And just to add a tiny bit to PhDemon's always-excellent answers, the word "alkali" has an Arabic derivation (as do algorithm, algebra, alchemy, almanac, alcohol...). The symbol for potassium, K, comes from kalium, a German neologism coined from the Arabic word for potash.
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  7. #6  
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    Quote Originally Posted by PhDemon View Post
    1) They are called alkali metals because they form alkalis (soluble metal hydroxides when they react with water)

    2) Potassium hydroxide can be formed by reacting potassium with water:



    but it is easier to buy the solid hydroxide and make your own solutions as this reaction is quite vigorous and you can only safely add small amounts of potassium to large quantities of water making a very dilute solution. Currently most alkali metal hyroxides are made industrially by electrolysis of a solution of the alkali metal chloride although small quantities can be made by reacting the alkali metal carbonate with calcium chloride solution and filtering off the calcium carbonate precipitate.

    3) Metals and non-metals are often classified as acidic or basic based on whether they (or their oxides) form an acidic or basic solution in water. Ammonia is also an alkali (i.e. a water soluble base). This is because when ammonia is dissolved in water it produces a solution of ammonium hydroxide:



    4) What is meant by alkali is a base (a proton acceptor) that is soluble in water. So alkali is a specific term for water soluble bases that produce hydroxide ions when dissolved in water. Potassium itself is not an alkali, but the potassium hydroxide it forms when you react it with water is an alkali because it releases hydroxide ions into the solution. The key difference is that potassium does not dissolve in water, it REACTS with the water to produce a new compound.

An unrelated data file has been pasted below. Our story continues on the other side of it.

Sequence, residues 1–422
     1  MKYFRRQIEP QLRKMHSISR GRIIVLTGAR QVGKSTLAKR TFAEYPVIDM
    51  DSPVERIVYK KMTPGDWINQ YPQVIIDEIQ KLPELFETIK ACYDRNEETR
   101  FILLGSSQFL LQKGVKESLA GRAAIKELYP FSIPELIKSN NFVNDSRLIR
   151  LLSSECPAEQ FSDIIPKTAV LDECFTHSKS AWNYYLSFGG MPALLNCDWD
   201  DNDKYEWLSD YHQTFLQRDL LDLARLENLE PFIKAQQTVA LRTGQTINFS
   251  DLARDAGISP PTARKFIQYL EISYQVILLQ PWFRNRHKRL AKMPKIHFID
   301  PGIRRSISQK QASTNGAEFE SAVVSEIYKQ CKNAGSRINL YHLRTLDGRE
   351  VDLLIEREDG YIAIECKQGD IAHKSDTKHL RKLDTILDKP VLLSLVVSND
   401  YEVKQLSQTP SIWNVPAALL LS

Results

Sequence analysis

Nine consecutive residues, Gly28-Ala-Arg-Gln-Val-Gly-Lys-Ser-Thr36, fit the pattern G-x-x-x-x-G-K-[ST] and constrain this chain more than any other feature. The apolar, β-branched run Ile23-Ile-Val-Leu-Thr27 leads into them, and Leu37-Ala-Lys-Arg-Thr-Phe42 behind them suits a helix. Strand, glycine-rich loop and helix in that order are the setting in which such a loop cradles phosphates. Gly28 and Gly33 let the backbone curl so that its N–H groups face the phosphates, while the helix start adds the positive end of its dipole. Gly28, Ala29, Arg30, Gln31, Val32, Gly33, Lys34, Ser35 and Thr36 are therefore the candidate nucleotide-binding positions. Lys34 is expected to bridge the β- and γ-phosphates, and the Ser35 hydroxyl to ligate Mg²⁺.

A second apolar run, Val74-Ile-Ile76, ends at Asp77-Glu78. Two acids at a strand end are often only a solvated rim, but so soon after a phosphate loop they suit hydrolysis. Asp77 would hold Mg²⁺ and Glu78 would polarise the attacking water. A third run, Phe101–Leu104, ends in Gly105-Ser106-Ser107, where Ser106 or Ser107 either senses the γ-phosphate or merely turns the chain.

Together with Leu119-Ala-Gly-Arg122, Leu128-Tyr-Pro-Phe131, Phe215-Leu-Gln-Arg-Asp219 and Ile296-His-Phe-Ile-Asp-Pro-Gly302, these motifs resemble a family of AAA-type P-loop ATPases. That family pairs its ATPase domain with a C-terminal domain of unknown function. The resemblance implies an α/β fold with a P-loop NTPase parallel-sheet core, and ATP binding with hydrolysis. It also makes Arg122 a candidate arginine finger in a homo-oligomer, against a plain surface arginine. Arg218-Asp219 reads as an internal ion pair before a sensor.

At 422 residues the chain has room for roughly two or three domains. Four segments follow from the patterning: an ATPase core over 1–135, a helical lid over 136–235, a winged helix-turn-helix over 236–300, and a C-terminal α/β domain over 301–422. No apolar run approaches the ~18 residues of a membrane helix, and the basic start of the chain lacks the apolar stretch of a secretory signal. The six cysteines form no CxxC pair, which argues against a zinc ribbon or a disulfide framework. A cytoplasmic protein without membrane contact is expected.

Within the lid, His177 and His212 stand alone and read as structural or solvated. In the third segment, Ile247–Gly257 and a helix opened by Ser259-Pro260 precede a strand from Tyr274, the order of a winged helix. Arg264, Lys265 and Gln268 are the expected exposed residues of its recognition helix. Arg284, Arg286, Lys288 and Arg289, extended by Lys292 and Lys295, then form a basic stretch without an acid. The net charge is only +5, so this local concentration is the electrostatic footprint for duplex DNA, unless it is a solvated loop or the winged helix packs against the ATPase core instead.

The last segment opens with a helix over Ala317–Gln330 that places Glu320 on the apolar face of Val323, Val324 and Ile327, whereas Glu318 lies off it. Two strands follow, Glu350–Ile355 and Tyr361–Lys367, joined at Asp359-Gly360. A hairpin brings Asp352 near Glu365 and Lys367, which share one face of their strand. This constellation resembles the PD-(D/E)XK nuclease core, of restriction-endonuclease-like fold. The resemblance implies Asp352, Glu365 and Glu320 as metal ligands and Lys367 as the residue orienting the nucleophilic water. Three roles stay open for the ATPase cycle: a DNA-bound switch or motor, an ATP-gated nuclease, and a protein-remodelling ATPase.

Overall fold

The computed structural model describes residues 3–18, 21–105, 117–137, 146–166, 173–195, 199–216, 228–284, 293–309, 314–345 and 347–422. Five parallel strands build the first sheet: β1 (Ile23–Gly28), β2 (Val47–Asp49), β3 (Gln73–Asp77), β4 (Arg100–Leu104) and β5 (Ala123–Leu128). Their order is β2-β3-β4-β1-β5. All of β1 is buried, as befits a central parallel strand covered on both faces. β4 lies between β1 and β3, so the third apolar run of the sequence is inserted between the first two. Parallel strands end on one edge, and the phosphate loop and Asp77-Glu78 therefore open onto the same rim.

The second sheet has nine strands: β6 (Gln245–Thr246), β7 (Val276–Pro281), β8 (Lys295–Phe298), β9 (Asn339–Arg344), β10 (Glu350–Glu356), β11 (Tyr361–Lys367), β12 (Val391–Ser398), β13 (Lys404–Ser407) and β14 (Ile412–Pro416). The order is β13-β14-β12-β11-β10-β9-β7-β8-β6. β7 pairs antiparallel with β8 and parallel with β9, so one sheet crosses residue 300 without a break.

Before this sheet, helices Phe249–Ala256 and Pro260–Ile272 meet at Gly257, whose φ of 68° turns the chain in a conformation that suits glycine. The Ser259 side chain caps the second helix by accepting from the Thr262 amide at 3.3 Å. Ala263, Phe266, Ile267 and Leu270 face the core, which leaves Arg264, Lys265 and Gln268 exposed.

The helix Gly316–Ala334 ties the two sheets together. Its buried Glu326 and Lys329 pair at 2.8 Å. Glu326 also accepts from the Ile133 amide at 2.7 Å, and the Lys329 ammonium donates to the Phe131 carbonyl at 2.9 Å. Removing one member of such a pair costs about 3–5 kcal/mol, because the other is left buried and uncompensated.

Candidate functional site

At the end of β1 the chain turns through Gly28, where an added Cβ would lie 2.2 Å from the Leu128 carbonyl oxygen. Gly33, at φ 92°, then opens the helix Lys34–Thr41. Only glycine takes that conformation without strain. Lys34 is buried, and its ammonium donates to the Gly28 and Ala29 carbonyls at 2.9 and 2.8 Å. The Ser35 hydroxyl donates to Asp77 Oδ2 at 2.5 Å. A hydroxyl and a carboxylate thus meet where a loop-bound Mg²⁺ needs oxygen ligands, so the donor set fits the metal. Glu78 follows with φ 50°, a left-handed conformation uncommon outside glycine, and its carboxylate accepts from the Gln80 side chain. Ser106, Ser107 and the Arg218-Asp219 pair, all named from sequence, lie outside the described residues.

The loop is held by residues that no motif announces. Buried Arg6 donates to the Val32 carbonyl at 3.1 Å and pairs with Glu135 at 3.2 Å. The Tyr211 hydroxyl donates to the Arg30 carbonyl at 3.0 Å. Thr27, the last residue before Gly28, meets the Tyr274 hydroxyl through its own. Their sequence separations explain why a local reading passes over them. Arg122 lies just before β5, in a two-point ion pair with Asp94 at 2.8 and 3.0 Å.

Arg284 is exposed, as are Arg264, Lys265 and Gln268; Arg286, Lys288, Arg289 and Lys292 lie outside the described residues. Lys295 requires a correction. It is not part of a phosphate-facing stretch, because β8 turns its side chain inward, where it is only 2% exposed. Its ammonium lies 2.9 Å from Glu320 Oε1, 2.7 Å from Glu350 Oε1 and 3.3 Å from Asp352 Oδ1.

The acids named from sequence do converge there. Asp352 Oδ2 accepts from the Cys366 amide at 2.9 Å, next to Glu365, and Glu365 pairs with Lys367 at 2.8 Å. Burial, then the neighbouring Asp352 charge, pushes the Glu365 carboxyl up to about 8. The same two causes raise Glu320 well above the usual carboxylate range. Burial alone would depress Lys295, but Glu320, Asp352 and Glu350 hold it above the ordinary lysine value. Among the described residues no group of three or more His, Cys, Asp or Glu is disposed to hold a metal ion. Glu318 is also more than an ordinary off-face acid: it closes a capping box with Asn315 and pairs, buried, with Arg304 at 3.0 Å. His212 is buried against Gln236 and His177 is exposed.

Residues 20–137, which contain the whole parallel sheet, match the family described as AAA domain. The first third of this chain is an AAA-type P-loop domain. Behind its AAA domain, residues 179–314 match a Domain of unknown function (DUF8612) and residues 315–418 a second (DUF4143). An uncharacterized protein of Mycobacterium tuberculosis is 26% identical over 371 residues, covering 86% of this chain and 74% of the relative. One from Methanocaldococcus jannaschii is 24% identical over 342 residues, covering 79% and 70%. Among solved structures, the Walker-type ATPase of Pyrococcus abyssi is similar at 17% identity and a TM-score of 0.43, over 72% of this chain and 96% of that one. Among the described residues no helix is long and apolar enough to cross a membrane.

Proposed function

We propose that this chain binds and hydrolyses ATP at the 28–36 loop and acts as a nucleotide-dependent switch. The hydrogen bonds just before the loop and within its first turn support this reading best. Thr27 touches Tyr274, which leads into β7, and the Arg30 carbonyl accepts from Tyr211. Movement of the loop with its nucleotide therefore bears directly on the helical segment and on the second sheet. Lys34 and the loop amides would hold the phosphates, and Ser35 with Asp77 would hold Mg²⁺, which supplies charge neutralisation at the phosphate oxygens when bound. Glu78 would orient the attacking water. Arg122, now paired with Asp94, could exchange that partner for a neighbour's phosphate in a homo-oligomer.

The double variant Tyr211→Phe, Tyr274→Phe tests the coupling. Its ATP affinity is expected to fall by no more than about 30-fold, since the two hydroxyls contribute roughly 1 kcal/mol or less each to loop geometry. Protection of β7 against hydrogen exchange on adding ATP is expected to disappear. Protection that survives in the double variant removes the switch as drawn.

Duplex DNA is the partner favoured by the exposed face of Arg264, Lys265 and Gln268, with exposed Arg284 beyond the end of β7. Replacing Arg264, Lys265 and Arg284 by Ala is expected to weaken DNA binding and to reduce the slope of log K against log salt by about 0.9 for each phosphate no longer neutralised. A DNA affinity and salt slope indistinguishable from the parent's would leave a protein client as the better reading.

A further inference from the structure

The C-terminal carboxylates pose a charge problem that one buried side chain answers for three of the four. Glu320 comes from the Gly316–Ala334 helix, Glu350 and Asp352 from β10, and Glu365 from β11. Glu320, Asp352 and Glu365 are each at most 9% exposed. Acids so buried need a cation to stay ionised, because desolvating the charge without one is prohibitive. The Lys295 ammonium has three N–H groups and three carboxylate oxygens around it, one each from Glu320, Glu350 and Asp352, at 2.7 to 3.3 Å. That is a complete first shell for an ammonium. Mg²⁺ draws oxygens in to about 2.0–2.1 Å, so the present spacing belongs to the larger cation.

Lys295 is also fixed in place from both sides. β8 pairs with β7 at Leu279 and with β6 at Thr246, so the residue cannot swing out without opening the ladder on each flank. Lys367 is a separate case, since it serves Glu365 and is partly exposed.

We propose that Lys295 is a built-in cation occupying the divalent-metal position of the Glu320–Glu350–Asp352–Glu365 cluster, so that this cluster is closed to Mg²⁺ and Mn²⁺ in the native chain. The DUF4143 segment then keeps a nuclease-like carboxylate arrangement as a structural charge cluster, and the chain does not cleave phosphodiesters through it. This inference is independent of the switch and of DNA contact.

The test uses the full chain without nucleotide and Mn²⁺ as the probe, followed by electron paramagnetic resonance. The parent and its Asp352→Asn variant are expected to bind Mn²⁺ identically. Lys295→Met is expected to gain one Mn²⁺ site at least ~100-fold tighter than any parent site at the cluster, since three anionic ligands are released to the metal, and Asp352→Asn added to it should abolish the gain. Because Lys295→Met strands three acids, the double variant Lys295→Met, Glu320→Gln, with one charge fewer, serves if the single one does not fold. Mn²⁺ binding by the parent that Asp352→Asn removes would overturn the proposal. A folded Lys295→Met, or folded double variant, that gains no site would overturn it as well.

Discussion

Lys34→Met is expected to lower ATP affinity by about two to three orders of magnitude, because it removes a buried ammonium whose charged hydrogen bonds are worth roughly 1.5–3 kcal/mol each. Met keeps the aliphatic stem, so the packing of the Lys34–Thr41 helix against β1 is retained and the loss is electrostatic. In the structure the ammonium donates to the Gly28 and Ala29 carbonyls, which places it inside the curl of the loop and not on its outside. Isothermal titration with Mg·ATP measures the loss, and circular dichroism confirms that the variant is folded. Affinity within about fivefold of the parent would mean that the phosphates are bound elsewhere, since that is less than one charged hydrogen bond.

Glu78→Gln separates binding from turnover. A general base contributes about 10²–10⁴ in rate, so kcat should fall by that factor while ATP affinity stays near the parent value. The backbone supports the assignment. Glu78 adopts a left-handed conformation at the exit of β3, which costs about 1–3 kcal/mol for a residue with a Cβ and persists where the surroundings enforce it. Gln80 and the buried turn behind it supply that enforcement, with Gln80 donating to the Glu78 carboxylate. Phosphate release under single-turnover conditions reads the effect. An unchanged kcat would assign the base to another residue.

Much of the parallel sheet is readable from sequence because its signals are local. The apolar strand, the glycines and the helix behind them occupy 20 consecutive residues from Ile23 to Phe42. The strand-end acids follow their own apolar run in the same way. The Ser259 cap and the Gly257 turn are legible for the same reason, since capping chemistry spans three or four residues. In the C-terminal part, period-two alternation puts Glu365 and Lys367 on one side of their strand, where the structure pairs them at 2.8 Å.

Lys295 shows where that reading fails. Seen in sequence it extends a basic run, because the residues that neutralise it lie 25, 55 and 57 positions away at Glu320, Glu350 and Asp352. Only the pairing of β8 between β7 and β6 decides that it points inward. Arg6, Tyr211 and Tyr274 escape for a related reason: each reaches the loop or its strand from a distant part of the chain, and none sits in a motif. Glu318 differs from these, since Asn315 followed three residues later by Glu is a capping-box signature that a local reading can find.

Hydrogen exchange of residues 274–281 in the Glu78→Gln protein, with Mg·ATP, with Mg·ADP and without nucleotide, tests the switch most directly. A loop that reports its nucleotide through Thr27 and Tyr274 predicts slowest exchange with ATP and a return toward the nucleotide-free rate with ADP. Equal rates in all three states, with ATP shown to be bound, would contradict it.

If you mix potassium hydroxide solution with more water you simply dilute the solution so it becomes less alkaline (the pH decreases and becomes closer to neutral.

    Hope this helps.
    The bit about reacting alkali metal carbonates with CaCl₂(aq): how does that go exactly?

    P.S. I'm about to start cleaning my kitchen with Na₂CO₃........horrible rubber gloves job......
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    Bullshit Intolerant PhDemon's Avatar
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    The bit about reacting alkali metal carbonates with CaCl₂(aq): how does that go exactly?
    I mis-typed I meant the hydroxide not the chloride!

    P.S. I'm about to start cleaning my kitchen with Na₂CO₃........horrible rubber gloves job......
    Mix it with vingar, all the chemically illiterate pseuds cleaning gurus seem to swear by fizzy sodium acetate!
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  9. #8  
    exchemist
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    Quote Originally Posted by PhDemon View Post
    The bit about reacting alkali metal carbonates with CaCl₂(aq): how does that go exactly?
    I mis-typed I meant the hydroxide not the chloride!

    P.S. I'm about to start cleaning my kitchen with Na₂CO₃........horrible rubber gloves job......
    Mix it with vingar, all the chemically illiterate pseuds cleaning gurus seem to swear by fizzy sodium acetate!
    Ah that's better. You had me scratching my head for a moment.

    Re cleaning "gurus", ah yes of course, sodium acetate. That sounds really useful for saponifying congealed grease. Not.
    In fact I'm amazed how well sodium carbonate works. Especially good inside a cooker hood, which is, by a stretch, the most repulsive part of the job.
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  10. #9  
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    Quote Originally Posted by exchemist View Post
    In fact I'm amazed how well sodium carbonate works. Especially good inside a cooker hood, which is, by a stretch, the most repulsive part of the job.
    I keep a little sodium carbonate in an open container inside the halogens cupboard, it also reacts with the bromine fumes! (I also keep sodium thiosulphate solution in there for neutralizing any spills...)